Police chief resigns after investigation uncovers racy messages
Nov 29, 2012 10:12 PM
Reported By Joseph Pleasant, Reporter - bio | email
BURNS, Tenn. -
The chief of police in Burns is off the job after racy text messages to a young mother came to light following a domestic assault arrest.
Tase Sturgill resigned as chief of police Monday after an investigation into a domestic assault uncovered explicit text messages and lewd photos sent to a local woman from the police chief's cell phone.
The woman's boyfriend saw the text messages and became enraged. Dickson County sheriff's deputies were called to the woman's Burns' home and shown the text messages.
The woman's boyfriend, Justin Anderson, was arrested for domestic assault, simple possession of marijuana and possession of drug paraphernalia.
Deputies found what appeared to be marijuana and two bongs inside of Decker's home. Anderson admitted that they belonged to him.
Sturgill is not facing criminal charges in connection with the arrest and was not present when Anderson was taken into custody.
He did not immediately return a message for comment left by Nashville's News 2.
The woman who received the text messages and pictures said she did not have a sexual relationship with Sturgill, who is married, and did not like getting the pictures.
"I was completely uncomfortable with it," Amanda Decker said. "It started with him telling me ‘Oh you are so beautiful' and stuff like that then it just seemed like overnight it progressed into the vulgar things he was saying."
Decker told Nashville's News 2 the text messages started after Sturgill answered a call for service at a local business where she works.
She showed Nashville News 2 some of the text messages.
In one, Sturgill suggest the two have a sexual encounter in the office of the store where Decker is a manager.
In another text message he describes his genitals and sexual acts he wanted to perform on Decker.
Decker said she responded to some of the messages, but not in a sexual way, and she did not encourage the chief to continue to contact her.
"When he would come into the store the girls would tell me so I could hide and he couldn't find me to talk to me," she said.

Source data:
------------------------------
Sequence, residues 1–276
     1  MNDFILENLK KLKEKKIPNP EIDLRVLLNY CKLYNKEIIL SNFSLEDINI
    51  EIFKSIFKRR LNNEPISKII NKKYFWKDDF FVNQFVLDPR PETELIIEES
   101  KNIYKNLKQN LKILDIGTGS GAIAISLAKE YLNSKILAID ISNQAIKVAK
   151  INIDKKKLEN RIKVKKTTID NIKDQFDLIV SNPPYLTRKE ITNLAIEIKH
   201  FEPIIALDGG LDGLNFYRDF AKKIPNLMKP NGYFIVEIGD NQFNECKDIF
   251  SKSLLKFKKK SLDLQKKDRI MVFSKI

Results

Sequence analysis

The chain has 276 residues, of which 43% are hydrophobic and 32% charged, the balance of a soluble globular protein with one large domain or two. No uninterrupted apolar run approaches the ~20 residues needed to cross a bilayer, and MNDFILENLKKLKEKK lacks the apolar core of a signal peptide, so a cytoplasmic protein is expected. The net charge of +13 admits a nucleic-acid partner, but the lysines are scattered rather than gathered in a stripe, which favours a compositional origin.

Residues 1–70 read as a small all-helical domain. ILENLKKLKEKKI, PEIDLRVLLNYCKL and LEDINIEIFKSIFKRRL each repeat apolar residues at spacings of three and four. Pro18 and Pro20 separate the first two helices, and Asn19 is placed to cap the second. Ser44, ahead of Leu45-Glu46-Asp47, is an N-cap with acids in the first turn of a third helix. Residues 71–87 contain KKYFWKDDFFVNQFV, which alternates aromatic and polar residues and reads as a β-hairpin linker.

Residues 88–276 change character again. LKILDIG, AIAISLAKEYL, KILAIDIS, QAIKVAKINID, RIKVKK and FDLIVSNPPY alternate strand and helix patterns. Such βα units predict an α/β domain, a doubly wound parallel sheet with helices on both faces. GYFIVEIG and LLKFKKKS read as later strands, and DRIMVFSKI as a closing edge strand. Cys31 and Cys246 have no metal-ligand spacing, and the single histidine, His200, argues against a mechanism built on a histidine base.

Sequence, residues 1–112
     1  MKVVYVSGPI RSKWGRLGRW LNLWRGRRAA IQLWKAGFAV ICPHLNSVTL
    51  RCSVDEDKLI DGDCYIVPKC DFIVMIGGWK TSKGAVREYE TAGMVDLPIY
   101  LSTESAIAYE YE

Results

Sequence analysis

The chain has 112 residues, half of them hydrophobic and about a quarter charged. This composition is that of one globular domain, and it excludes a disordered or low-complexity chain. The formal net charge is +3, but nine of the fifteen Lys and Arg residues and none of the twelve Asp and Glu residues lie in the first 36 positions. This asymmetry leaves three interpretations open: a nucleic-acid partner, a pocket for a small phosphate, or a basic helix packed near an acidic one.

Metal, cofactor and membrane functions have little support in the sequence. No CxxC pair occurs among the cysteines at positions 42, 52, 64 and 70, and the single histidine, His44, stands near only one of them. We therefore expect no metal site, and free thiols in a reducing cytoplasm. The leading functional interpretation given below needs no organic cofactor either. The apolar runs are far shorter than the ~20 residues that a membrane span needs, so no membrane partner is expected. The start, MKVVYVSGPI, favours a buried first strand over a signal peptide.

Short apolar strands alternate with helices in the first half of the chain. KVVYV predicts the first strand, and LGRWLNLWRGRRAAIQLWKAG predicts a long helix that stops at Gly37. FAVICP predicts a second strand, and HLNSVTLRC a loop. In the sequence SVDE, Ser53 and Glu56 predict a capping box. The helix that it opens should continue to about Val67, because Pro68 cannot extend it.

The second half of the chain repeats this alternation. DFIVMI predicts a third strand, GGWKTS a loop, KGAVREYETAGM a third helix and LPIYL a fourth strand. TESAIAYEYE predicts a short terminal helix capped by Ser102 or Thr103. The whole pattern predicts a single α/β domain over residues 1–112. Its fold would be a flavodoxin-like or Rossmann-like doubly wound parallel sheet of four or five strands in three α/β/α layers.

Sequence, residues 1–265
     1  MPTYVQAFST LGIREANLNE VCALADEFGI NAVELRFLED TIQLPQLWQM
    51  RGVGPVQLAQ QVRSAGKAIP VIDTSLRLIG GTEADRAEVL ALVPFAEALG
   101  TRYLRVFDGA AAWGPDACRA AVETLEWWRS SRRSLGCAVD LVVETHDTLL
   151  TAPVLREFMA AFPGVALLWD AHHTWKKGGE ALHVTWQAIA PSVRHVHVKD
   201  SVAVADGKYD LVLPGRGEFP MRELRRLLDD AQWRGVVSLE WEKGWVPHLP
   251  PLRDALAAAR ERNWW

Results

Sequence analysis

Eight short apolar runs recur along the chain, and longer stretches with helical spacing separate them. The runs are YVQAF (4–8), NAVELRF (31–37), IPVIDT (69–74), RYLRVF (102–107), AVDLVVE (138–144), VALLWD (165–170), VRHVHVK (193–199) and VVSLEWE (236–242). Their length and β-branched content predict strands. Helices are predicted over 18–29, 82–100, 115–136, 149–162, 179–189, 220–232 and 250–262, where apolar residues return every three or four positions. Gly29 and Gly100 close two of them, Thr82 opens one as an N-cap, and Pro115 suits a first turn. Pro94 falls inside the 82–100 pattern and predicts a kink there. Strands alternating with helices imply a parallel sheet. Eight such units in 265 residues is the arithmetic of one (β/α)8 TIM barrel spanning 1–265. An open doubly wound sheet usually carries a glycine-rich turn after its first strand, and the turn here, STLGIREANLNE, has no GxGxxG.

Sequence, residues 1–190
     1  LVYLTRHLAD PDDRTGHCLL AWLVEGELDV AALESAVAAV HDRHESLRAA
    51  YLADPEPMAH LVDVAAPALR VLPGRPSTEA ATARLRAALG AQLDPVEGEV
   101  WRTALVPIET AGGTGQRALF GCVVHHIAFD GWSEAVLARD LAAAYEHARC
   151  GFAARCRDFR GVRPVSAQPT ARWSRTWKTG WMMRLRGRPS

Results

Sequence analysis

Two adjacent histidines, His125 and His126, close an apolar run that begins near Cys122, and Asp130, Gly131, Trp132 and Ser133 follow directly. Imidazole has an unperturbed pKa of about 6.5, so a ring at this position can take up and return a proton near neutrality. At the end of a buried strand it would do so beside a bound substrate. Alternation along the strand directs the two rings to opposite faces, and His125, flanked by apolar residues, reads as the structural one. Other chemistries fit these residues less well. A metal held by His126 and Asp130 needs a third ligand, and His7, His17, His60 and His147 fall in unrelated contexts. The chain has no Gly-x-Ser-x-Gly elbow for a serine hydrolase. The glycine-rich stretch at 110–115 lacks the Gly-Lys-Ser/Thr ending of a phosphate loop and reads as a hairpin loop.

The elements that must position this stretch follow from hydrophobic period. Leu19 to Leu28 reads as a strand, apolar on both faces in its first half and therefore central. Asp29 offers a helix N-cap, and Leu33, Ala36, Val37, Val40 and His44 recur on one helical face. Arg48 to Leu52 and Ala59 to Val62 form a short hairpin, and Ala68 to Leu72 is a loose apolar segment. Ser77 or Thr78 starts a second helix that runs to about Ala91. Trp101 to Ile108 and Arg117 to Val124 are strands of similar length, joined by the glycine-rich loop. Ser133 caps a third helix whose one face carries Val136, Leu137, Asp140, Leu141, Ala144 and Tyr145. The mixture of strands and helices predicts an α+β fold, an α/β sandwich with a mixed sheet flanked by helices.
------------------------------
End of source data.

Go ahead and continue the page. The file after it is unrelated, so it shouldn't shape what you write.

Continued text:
Decker said she feared retaliation from Sturgill if she reported the text messages to Burns officials.
Decker's boyfriend was aware of the text messages when they started in March.
"I told my boyfriend about it," she said. "He said make sure you save all of your text messages in case anything does happen I want you to have proof."
Early Sunday morning her boyfriend returned home and saw new messages from Sturgill.
According to his arrest report, Anderson was intoxicated. He started screaming and throwing items.
When deputies arrived he told them Sturgill was sending pictures of his genitalia to his girlfriend.
Deputies reviewed the pictures and text messages as part of the domestic assault investigation at Decker's home.
They logged the text messages and pictures into evidence before transporting Anderson to jail.
When word spread about the text messages and pictures, Sturgill resigned his position as police chief effective on Monday.
Burns Police Sgt. Vance Bowker is acting as interim police chief until Monday, when Burns new mayor, Landon Mathis, will take office. Mathis said he plans to appoint Paul McCallister as the new chief of police.
Mathis said by phone he had wanted to hire McCallister prior to the text messages surfacing, but decided not to after talking to some of the commissioners.
According to Mathis, he heard of other alleged inappropriate activity by Sturgill and warned him that any further inappropriate acts could cost him his job.
Commissioner Chris Holland had supported Sturgill keeping his job as police chief prior to the text messages coming to light.
He described Sturgill as a good police officer who did good things for the Burns Police Department.
"It is sad to see it has turned out this way," he said by phone on Thursday.
Anderson is due in Dickson County Court December 14 for his arrest. He was released on $3,000 bond from the Dickson County jail.